How to Finance a Remodel
Before approaching lenders, draw up a detailed budget for your remodeling plans. To calculate an accurate estimate, first decide what projects you’ll need to hire a contractor for and which ones you’ll do yourself. On contracted work, start with a firm bid and add 10% for "surprises." On work you’ll do yourself, draw up a detailed list of materials and costs (including equipment rental) and add 15-20% for "surprises."
How much you can borrow depends on your credit rating, income, and the loan-to-value ratio of your remodeling plans. The LTV ratio is a percentage of the appraisal value of your home and is normally capped at 80%, minus the balance of your mortgage.
Now you’re ready to start thinking about the type of loan you want. You can refinance your existing mortgage, or take on an entirely new loan. Consider these various possibilities.
Home Equity Loan As with regular mortgages, the interest on these is deductible. Terms are normally 15-30 years, with a fixed interest rate. However, interest rates tend to be a little higher than with regular mortgages.
Home Equity Line of Credit This type of mortgage is similar to a credit card. Your lender will give you a set amount which you can borrow, and you can draw funds when you need them and pay interest only on the amount of money you have used. Some programs have a minimum withdrawal amount and most have variable interest rates. Most require repayment in full within ten years. If you decide on this type of loan shop carefully – some lenders will grab your attention with low initial interest rates and then increase it substantially later on.
FHA 203(k) Mortgage These are FHA-insured loans which let you refinance your first mortgage and combine it with your remodeling costs into a new mortgage. This type of mortgage bases the loan on the value of your home after improvements are made, which increases the amount you can borrow.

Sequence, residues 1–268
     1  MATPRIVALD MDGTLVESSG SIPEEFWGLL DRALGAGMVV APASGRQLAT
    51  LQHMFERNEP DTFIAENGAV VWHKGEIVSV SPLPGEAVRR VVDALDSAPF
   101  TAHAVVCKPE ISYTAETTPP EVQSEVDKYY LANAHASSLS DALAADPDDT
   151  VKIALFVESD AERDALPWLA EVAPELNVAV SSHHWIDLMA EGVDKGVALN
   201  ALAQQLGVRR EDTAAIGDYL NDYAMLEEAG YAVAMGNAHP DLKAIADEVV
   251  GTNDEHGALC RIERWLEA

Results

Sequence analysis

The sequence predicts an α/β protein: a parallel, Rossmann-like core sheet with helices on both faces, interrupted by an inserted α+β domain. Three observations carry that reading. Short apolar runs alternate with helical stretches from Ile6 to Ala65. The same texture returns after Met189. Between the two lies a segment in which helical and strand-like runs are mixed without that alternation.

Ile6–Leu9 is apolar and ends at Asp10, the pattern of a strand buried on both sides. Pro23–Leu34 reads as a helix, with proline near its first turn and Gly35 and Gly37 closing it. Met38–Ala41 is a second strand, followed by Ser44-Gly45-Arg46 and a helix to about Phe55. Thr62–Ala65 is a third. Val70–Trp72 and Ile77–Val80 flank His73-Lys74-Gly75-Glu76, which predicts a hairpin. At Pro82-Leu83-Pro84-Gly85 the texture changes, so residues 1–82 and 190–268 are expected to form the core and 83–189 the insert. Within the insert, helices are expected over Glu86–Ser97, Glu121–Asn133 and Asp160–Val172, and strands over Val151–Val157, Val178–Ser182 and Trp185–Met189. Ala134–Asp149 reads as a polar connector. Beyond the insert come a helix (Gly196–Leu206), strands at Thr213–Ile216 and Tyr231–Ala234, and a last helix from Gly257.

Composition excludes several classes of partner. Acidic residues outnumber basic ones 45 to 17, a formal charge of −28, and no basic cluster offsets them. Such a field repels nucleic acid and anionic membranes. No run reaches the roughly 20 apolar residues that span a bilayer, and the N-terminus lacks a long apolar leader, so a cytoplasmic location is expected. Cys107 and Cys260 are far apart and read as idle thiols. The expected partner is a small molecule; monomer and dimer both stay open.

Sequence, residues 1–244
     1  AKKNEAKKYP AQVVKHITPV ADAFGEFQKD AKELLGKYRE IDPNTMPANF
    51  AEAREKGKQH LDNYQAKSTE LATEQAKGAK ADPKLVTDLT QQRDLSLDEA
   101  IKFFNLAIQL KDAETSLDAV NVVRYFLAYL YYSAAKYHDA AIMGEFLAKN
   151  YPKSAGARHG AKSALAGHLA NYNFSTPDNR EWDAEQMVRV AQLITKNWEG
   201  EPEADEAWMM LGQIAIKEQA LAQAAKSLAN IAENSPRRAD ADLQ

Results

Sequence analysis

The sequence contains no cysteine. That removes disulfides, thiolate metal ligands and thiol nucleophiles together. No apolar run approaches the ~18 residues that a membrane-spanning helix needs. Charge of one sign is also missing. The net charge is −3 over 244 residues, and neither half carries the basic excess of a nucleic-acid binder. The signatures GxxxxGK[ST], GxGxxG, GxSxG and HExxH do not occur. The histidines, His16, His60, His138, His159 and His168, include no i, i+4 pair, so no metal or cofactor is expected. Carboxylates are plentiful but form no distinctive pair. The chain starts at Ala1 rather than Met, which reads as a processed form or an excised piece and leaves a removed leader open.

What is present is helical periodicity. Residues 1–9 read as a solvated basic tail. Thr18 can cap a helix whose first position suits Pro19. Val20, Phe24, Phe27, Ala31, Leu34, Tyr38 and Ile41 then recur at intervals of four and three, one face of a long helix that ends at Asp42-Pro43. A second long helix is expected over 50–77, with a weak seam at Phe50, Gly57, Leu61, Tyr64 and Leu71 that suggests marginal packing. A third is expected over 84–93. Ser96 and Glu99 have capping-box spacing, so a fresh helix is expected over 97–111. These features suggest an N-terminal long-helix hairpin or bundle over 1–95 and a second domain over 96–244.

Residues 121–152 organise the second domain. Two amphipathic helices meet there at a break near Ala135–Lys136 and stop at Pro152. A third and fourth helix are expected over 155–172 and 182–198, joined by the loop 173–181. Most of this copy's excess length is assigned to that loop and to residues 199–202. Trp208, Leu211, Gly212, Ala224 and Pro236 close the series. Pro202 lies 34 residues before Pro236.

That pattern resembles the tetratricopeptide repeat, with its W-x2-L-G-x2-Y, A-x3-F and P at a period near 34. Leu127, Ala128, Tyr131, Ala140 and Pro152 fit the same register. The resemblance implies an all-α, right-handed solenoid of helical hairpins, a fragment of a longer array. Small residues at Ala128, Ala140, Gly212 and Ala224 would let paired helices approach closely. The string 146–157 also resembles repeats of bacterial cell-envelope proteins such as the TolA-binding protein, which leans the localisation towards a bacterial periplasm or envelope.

Energy-Efficient Mortgage (EEM) An EEM is a special type of mortgage which allows you to finance remodeling work that increases your home’s energy efficiency. If you decide to finance some of your remodeling with an EEM, your monthly energy savings are used to finance the energy upgrades. To qualify, your improvements must be cost-effective. This means the monthly savings on your utility bills as a result of the improvements must be greater than the monthly repayment of the energy mortgage, and also that your total savings must be greater than your total costs, including maintenance costs. If you decide to finance part of your remodeling with an EEM, you must apply for both loans at the same time, as you cannot add an EEM after the regular loan has been granted. Once your EEM has been approved, you have between 90 and 180 days to make the improvements.
- Set your priorities and decide what you’re willing to compromise on. Plan ahead and research materials online and in stores.
- Instead of increasing the size of rooms, use your existing space more efficiently.
- Throwing out large fixtures costs money. Instead, donate your old items to Habitat for Humanity. Your donation is tax-deductible and you’ll pay nothing for the removal.
- Consider recycled fixtures or building materials. Habitat for Humanity offers salvaged goods for 50% of retail value.
- Auctions are another cheap supply of building materials and fixtures.
- Do the cleanup each day instead of letting the construction crew do it. They can spend more time on remodeling and you’ll get the work done sooner and save money too.
Selecting a Contractor
- Talk to friends and relatives who have had improvements made. Find out if they’re satisfied with the contractor’s service and ask to see the work that was done.
- Ask for recommendations from people who have done work for you in the past, such as your gardener or plumber.
- Check your local newspapers for advertisements
- Talk with prospective contractors on the phone. Ask them about their work experience, licenses and certifications and references.
- Check their references. Find out if previous clients were happy with the work done, if the project was completed on time and how well the contractor stayed within the budget.
- Before making a final decision, check with the appropriate government office to see if there are any unresolved complaints against the contractor.
Republished with Permission from HomePages.com
© 2008, HouseValues Inc.